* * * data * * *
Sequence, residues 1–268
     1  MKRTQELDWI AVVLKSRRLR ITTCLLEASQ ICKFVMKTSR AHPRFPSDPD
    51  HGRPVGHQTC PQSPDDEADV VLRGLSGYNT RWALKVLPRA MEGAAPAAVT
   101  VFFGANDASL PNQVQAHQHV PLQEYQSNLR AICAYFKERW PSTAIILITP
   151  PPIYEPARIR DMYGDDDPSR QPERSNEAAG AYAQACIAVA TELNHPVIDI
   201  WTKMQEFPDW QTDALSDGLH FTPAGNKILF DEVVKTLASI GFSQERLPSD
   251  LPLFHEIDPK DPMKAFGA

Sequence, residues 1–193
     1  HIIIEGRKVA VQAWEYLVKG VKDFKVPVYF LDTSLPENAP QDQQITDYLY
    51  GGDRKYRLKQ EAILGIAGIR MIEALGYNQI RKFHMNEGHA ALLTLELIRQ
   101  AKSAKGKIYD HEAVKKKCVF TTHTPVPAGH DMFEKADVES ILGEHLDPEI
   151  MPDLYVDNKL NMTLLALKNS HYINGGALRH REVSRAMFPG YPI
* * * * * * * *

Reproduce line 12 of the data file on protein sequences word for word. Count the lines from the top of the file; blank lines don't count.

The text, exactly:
   151  MPDLYVDNKL NMTLLALKNS HYINGGALRH REVSRAMFPG YPI